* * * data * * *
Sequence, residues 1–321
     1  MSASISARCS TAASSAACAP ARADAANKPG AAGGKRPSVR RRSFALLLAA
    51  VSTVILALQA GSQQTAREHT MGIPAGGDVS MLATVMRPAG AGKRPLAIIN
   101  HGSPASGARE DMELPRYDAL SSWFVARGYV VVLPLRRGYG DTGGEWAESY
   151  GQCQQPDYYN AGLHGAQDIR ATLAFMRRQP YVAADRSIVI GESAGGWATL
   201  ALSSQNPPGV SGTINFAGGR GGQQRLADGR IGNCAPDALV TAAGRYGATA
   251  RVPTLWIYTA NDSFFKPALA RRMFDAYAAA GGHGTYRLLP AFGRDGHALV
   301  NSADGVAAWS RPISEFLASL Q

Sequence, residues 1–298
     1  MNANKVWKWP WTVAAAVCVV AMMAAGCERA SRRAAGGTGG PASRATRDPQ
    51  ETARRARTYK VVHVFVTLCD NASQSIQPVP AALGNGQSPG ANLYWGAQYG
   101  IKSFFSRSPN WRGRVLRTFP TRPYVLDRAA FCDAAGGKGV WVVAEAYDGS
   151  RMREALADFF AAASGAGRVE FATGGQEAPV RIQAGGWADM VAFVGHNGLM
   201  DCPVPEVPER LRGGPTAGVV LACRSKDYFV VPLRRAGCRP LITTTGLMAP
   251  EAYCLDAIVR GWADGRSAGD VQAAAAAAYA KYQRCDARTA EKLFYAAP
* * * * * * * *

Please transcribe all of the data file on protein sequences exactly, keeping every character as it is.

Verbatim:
Sequence, residues 1–321
     1  MSASISARCS TAASSAACAP ARADAANKPG AAGGKRPSVR RRSFALLLAA
    51  VSTVILALQA GSQQTAREHT MGIPAGGDVS MLATVMRPAG AGKRPLAIIN
   101  HGSPASGARE DMELPRYDAL SSWFVARGYV VVLPLRRGYG DTGGEWAESY
   151  GQCQQPDYYN AGLHGAQDIR ATLAFMRRQP YVAADRSIVI GESAGGWATL
   201  ALSSQNPPGV SGTINFAGGR GGQQRLADGR IGNCAPDALV TAAGRYGATA
   251  RVPTLWIYTA NDSFFKPALA RRMFDAYAAA GGHGTYRLLP AFGRDGHALV
   301  NSADGVAAWS RPISEFLASL Q

Sequence, residues 1–298
     1  MNANKVWKWP WTVAAAVCVV AMMAAGCERA SRRAAGGTGG PASRATRDPQ
    51  ETARRARTYK VVHVFVTLCD NASQSIQPVP AALGNGQSPG ANLYWGAQYG
   101  IKSFFSRSPN WRGRVLRTFP TRPYVLDRAA FCDAAGGKGV WVVAEAYDGS
   151  RMREALADFF AAASGAGRVE FATGGQEAPV RIQAGGWADM VAFVGHNGLM
   201  DCPVPEVPER LRGGPTAGVV LACRSKDYFV VPLRRAGCRP LITTTGLMAP
   251  EAYCLDAIVR GWADGRSAGD VQAAAAAAYA KYQRCDARTA EKLFYAAP